ASSIGNMENT 1:TWO SIDES OF THE STORY

FINAL (REWORKED) IMAGES

Niki South   Student number: 514516

SERIES 1: COASTAL TOWN IN REVIVAL

a-lr-0755-ps-crop-1500The bustling high street”

Image 56: Exposure 1/160, Aperture f/8, ISO 100, Focal length 39mm.

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“Castle reopens after £11 million restoration”

Image 51: Exposure 1/160, Aperture f/7.1, ISO 100, Focal length 20mm.

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“State of the art theatre and 3 screen cinema complex”

Image 20: Exposure 1/250, Aperture f/10, ISO 100, Focal length 35mm.

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“One of many centres offering exciting outdoor activities

Image 39: Exposure 1/60, Aperture f/11, ISO 200, Focal length 46mm.

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e-lr-1001-crop-1500“Brand new sustainable, solar, social housing”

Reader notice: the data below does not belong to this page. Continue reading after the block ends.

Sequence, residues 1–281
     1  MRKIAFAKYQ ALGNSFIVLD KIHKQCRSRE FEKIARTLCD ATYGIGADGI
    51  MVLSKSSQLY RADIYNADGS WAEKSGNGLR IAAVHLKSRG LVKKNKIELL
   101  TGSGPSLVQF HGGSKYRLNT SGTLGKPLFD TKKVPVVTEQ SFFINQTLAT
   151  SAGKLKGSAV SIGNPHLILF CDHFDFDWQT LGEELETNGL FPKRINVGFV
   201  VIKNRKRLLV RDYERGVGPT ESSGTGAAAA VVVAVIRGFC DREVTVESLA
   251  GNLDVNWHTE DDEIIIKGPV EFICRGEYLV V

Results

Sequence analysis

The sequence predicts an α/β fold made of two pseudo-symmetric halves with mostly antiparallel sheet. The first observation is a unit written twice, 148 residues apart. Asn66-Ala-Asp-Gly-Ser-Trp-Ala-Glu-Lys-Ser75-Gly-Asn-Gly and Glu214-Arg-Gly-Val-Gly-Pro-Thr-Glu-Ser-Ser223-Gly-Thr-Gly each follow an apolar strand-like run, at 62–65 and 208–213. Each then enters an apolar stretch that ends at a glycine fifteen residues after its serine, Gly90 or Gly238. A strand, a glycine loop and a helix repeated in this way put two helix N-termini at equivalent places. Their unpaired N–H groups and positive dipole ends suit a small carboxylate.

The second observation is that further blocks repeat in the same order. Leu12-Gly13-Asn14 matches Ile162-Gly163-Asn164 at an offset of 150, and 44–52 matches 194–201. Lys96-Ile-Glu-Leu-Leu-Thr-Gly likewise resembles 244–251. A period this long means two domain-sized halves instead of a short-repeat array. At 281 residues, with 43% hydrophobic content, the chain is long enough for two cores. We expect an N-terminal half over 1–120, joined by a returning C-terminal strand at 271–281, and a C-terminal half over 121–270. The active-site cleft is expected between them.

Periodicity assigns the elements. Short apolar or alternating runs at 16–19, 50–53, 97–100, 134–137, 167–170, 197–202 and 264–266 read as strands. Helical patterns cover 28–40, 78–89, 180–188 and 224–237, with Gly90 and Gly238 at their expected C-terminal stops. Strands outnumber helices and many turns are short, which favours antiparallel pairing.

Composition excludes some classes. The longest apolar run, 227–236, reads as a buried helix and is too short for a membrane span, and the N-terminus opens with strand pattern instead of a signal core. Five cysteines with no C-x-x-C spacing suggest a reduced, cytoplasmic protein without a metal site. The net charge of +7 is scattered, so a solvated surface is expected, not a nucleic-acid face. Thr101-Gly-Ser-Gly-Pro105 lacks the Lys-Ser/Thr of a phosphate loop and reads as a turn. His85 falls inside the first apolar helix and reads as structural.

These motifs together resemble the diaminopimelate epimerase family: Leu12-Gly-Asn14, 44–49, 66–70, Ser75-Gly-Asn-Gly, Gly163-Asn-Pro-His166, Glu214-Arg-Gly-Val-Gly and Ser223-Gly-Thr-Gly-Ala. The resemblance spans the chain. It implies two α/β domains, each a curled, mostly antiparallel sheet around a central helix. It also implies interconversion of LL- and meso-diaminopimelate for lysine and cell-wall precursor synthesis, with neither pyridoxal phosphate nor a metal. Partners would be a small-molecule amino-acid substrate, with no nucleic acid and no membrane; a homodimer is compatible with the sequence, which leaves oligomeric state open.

Image 76: Exposure 1/80, Aperture f/11, ISO 100, Focal length 16mm.

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“Booming local yacht building business expands again”

Image 25: Exposure 1/100, Aperture f/4.5, ISO 100, Focal length 16mm

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SERIES 2: COASTAL TOWN IN DEEP DECLINE

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“The supermarket that was never built”

Image 6: Exposure 1/100, Aperture f/5.6, ISO 100, Focal length 17mm.

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Even Penny Pinchers could not survive the downturn in retail sales”

Image 72: Exposure 1/60, Aperture f/4.5, ISO 100, Focal length 16mm.

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Traders complain that charity shop’s exemption from business rates make them unfair competition”

Image 20: Exposure 1/100, Aperture f/6.3, ISO 100, Focal length 22mm.

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f-lr-0517-crop-1-1500“The site of the once booming cattle market is now rusting”

Image 13: Exposure 1/60, Aperture f/5, ISO 100, Focal length 20mm.

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“The housing market here is stagnant”

Image 35: Exposure 1/80, Aperture f18, ISO 125, Focal length 57mm

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e-lr-0836-no-crop-1500“The once busy boat builders, no longer have work”

Image 56: Exposure 1/250, Aperture f/8, ISO 100, Focal length 70mm.

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ASSIGNMENT 1: TWO SIDES TO THE STORY

Niki South   Student number: 514516

INTRODUCTION